Friday, May 16, 2014

Spaghetti and Falafel Balls

What're Ye About, Then?

We are not vegetarians, let's make that clear. Our diet in Iowa was meat-friendly, and we had a nice rotation of meats we liked to buy and cook. Iowa being the wonderful agricultural state that it is, good quality meat is available for reasonable prices, especially at a nice local meat locker I passed on my way home from work. 

We were always well-stocked with smoky bacon, ground beef and pork, and the American classic boneless/skinless chicken breasts. 

Now, in Ireland, we are living in a big city and an island economy. People always ask us, "Aren't meats like lamb and beef cheap in Ireland? The whole country is practically sheep pasture, right?"

Well, we do see a number of sheep when we travel out of town, but the general cost of living in Ireland and Dublin specifically is much higher than in Iowa. Costs of everything go up, but the prices of local meat really jumped. Cheap meat is available, but it's usually in the form of flavorless sausages and little bloody sacks of clearance steaks.

...So, we've become less dependant on regular meals of meat and have looked to the vegetarian menus for protein inspiration. Dried beans here (as in Iowa) are cheap and plentiful, so we replace meat in many dishes with the beans for some extra belly-sticking goodness.

Today, spaghetti with falafel balls, inspired from this recipe at


Falafel is a Middle Eastern and North African dish made of chickpeas (garbanzo beans) crushed into a batter, mixed with spices, and fried crisp. Many recipes call for a can of cooked chickpeas, but if using from dry (like we always do) an overnight soak and an hour simmer makes the beans nice and squishy.

Cooking Chickpeas for spaghetti with falafel balls
Cooking Chickpeas

After cooking, the beans are drained (with a little cooking liquid reserved for thinning if needed) and mixed with egg, parsley, cumin, salt, lemon juice, and fresh garlic. The whole thing is processed into a gooey paste, not easy with the stick blender, but whatcha gonna do?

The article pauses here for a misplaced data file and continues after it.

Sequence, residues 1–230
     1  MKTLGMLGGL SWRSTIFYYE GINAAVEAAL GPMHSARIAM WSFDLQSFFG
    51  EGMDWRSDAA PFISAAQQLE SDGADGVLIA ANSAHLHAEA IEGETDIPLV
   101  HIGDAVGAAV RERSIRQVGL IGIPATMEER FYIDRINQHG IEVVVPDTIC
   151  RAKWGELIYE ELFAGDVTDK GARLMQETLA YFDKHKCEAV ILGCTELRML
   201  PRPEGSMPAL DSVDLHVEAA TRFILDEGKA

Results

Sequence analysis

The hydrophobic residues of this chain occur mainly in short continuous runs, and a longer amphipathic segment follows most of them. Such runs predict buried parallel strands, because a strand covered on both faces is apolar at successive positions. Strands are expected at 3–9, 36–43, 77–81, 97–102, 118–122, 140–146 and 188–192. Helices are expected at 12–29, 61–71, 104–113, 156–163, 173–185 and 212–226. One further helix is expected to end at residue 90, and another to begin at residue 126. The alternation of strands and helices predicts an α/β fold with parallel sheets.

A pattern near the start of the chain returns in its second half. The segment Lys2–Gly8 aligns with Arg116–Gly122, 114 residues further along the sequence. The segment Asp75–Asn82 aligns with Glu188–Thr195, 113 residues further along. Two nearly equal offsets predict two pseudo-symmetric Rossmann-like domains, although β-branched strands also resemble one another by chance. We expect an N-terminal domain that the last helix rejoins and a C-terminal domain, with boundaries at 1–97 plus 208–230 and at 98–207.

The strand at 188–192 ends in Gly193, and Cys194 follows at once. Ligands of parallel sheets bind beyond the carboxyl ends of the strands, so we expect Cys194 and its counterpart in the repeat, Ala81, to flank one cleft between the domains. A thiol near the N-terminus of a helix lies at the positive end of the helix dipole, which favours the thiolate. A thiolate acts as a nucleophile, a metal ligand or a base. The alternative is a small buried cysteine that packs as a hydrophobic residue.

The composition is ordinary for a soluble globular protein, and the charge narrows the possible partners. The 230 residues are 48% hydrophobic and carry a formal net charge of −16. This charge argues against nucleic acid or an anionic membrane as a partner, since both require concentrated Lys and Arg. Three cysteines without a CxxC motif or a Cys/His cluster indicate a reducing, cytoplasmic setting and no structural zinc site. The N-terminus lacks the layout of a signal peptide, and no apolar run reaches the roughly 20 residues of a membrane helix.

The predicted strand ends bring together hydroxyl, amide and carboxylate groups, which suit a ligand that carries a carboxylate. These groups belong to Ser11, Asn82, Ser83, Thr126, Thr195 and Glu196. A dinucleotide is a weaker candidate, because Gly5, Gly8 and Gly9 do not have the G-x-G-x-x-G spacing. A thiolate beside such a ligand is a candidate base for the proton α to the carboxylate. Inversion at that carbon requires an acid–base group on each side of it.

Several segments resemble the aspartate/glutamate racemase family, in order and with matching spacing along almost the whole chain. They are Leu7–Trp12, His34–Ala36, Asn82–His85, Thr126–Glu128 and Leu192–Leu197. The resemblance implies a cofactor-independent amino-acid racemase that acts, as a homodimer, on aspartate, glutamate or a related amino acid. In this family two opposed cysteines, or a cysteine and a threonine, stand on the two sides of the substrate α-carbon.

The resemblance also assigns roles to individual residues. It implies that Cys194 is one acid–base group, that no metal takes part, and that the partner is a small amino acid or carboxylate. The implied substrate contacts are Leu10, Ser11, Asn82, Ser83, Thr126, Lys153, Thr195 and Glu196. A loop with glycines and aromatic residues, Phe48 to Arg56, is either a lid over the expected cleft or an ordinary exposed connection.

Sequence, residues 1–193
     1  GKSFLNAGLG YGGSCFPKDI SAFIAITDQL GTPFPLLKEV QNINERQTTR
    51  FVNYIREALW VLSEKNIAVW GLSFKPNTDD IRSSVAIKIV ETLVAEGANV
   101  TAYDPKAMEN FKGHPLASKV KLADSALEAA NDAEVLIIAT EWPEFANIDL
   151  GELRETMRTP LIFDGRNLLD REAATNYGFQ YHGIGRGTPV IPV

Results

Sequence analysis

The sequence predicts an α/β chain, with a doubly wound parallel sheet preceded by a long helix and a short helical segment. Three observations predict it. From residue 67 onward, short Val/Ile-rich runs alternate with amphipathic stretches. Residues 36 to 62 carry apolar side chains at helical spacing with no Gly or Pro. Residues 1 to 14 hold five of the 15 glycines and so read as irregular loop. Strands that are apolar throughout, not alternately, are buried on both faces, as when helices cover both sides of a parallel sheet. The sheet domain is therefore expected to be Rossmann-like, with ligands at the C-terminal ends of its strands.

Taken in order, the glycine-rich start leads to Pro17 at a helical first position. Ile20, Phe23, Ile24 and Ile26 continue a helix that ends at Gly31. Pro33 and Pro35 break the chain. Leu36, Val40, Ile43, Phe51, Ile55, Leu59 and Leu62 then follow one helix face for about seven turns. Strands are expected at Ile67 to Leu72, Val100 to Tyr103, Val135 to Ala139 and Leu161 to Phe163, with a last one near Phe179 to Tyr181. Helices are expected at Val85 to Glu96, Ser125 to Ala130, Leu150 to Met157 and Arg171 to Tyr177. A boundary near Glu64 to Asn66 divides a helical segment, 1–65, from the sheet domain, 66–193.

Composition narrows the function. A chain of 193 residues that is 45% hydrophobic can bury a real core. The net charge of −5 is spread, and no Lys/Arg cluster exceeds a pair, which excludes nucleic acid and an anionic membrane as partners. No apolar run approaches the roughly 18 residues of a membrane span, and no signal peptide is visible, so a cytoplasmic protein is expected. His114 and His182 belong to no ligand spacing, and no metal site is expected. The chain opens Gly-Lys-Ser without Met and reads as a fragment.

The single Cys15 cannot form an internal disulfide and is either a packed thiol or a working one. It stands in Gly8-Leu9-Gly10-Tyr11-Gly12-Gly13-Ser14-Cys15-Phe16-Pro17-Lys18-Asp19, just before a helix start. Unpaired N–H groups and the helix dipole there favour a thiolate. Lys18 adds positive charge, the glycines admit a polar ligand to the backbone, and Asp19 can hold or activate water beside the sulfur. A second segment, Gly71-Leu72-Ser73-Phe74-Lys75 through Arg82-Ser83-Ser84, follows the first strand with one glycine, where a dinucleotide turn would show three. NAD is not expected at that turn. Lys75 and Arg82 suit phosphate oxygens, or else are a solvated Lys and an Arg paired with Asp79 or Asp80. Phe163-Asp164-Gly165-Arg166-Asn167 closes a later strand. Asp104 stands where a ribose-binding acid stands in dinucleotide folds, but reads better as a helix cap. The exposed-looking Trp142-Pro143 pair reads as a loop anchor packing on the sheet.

Processing Falafel for spaghetti with falafel balls
Processing Falafel

Fresh Lemon Juice for spaghetti with falafel balls
Fresh Lemon Juice

Flour is added to the goo until the batter is thick and no longer sticky. The dough is then rested in the refrigerator for at least a few hours to hydrate the flour and to make the dough easier to work with come frying time.

Mixing Dough for spaghetti with falafel balls
Mixing Dough

When ready to fry, the balls can be deep-fried or pan-fried. Deep-frying makes a really satisfying and crispy falafel ball, but I chose to pan-fry them for easier setup and cleanup. Also, my deep-fryer (our only saucepan) was in use making bean-enriched tomato sauce for the pasta. This time, I replaced the regular adzuki beans with red lentils, just as cheap and faster to cook from dry if you didn't think ahead to soak beans.

The setup was well-organized before frying. I rolled the balls on the white plate, transferred to the hot oil, then onto the draining rack when brown on both sides. Working in small batches, I had the whole batch done in about 20 minutes. They went into the warm oven to drain and stay warm and crispy.

Frying Setup for spaghetti with falafel balls
Frying Setup

When the sauce was finished, I blended it up and cooked the pasta in the still-hot and still-saucy pot. Minimalist cooking requires careful container planning for raw, cooking, and cooked food. It's been a skill I've developed over the months cooking (and brewing!) in a small kitchen.

Onto the hot pasta went falafel balls and tomato sauce. It was an adventurous and inexpensive way to enjoy a new twist on an old classic. We do miss the old meat and home-canned garden tomato sauce made in the crock pot (slow cooker) by Mom, but this in some small way helps us celebrate our Midwest American food heritage in new and exciting ways.

Falafel Balls on Spaghetti
Before the Sauce

Finished Plate of spaghetti and falafel balls
Finished Plate

Final Thoughts

Great! We usually think of falafel with couscous and pita (spelled pitta here!) bread with vegetables and a cucumber/yogurt (spelled yoghurt here!) sauce. The tomato sauce, especially thickened with the lentils, really goes well with the cumin/parsley combo in the falafel.

Would this be on a restaurant menu? Maybe in Portland, Oregon or Brooklyn, New York. Not that this makes us hipsters, but I could see this being real Hipster Chow.*

...And it was way better than my first try at fish soup made from bullheads caught at the duck pond at S.T. Morrison Park in Coralville...

*Hipster Chow coming soon from the makers of Cat Chow.

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